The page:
I think back to my own school-age memories and cannot fathom giving up costume parades and handmade envelopes stuffed full with Valentines.  FOR SHAME that a committee designed to protect the development of each child would elect to simply erase such fundamental moments.
Keep pushing such idiocies into standard policy in the name of “political correctness” and I think you’ll find that future children will have no room for self-expression or creativity in the smothering atmosphere that such policies will generate. 
Let us not teach our children that “only the squeaky parts get oiled,” even to the detriment of the entire working machine. 

If you have similar stories, please share!  Suggestions?  Send them my way!  Wanna play Devil's Advocate?  Have at it!  I would love for someone to tell me how it will be politically correct to ban a Kindergarten class from showing off their costumes and exchanging Valentine cards. 


  1. My children aren't in public school yet but I dread to believe that even all none religious celebrations would be removed from the school calendar. I believe that here things are still as they've been for a decade, no outward religious holidays. So no Christmas pageant but instead a winter one, etc.

  2. I would've believed similar about my own school district as well Velody, that is until the other day when I learned about the pending policy changes they are looking to push through. I'm afraid we're entering an age where everyone is so paranoid about offending someone that they're willing to deprive students of all celebrations [simply for the sake of being cautious]. Sad times we live in.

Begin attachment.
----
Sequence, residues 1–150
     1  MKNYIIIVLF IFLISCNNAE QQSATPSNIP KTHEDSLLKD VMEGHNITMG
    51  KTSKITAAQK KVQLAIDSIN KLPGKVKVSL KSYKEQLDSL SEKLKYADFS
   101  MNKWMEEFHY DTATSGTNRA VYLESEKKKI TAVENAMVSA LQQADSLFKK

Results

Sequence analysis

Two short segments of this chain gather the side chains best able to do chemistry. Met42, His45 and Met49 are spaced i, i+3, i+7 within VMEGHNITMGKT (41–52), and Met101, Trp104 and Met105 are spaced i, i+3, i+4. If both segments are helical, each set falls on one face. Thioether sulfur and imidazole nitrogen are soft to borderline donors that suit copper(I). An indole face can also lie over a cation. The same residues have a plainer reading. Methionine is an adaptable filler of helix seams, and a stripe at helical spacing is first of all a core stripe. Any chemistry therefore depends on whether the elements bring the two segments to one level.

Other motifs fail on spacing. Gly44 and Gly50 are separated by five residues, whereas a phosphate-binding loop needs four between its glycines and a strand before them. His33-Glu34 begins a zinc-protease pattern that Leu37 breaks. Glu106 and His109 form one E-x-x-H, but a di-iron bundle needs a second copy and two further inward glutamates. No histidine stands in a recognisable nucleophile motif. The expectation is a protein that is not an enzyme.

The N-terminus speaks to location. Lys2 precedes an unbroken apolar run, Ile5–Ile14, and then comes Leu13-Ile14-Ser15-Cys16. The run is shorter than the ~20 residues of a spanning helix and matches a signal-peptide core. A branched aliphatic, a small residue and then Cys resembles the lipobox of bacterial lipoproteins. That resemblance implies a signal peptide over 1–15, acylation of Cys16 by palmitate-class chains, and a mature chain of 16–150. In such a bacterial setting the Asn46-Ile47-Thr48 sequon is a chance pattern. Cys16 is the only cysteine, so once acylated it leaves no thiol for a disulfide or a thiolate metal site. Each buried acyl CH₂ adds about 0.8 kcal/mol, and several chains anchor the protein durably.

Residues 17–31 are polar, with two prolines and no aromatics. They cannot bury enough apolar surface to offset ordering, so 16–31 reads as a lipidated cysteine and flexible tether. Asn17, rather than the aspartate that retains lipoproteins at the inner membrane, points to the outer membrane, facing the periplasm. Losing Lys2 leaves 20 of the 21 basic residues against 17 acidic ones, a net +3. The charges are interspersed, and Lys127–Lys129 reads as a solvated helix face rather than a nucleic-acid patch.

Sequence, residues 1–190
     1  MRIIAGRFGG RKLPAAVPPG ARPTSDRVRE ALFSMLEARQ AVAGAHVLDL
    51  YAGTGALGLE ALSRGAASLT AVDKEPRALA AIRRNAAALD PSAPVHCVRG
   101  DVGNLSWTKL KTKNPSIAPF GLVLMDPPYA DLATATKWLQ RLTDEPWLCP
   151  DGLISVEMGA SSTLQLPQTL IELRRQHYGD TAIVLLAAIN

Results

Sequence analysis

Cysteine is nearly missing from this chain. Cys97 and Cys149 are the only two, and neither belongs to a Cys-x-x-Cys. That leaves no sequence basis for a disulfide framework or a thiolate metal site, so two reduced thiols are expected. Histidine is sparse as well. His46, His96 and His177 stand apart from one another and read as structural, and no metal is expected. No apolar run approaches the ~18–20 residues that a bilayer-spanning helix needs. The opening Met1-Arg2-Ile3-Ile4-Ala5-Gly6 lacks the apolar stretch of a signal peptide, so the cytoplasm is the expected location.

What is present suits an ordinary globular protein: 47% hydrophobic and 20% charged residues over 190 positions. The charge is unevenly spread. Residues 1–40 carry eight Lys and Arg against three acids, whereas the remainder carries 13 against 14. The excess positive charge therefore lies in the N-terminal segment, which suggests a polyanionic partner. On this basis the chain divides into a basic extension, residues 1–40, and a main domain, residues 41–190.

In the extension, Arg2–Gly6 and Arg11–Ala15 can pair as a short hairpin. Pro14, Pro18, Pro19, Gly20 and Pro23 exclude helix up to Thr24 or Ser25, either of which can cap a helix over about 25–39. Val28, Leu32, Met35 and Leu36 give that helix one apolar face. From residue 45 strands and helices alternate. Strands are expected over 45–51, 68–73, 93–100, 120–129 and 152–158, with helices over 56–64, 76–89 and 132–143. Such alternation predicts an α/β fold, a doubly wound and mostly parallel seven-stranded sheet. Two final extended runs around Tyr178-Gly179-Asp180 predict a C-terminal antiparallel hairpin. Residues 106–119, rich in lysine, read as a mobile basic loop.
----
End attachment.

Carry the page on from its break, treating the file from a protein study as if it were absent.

3. I agree, I think it is sad, but I also think of the child that gets left out of such celebrations because of religious differences. Maybe all of these holidays should be removed from the school, they all are religious after all. Yep even St. Patty's and Valentines. But I suggest replacing them with some thing different. My examples, the Japan School system. While the do hold traditional holidays, they also have festivals that celebrate generic things, like the spring, end of year, or (I love this one) Elders. Your school system could adapt this. You could work the events in to a learning experience as well. Like maybe a science festival; carnival games around science principles, using snacks to teach the science of cooking food, dress up as their favorite scientist. Then getting the parents involved in the planning and running of the event, invite the community. No religious dogma + kids (and adults) learning something= win!

  4. I agree Kitchen *itch! Rather than doing away with celebrations alltogehter, we should adopt a more 'generic' approach -- "Fall Masquerades" instead of Halloween, "Winter Wonderland" instead of just Xmas and so on. It would be a sensible compromise versus depriving our youth of any and all festivities for the sake of poltical correctness. Thanks for the comments! -EM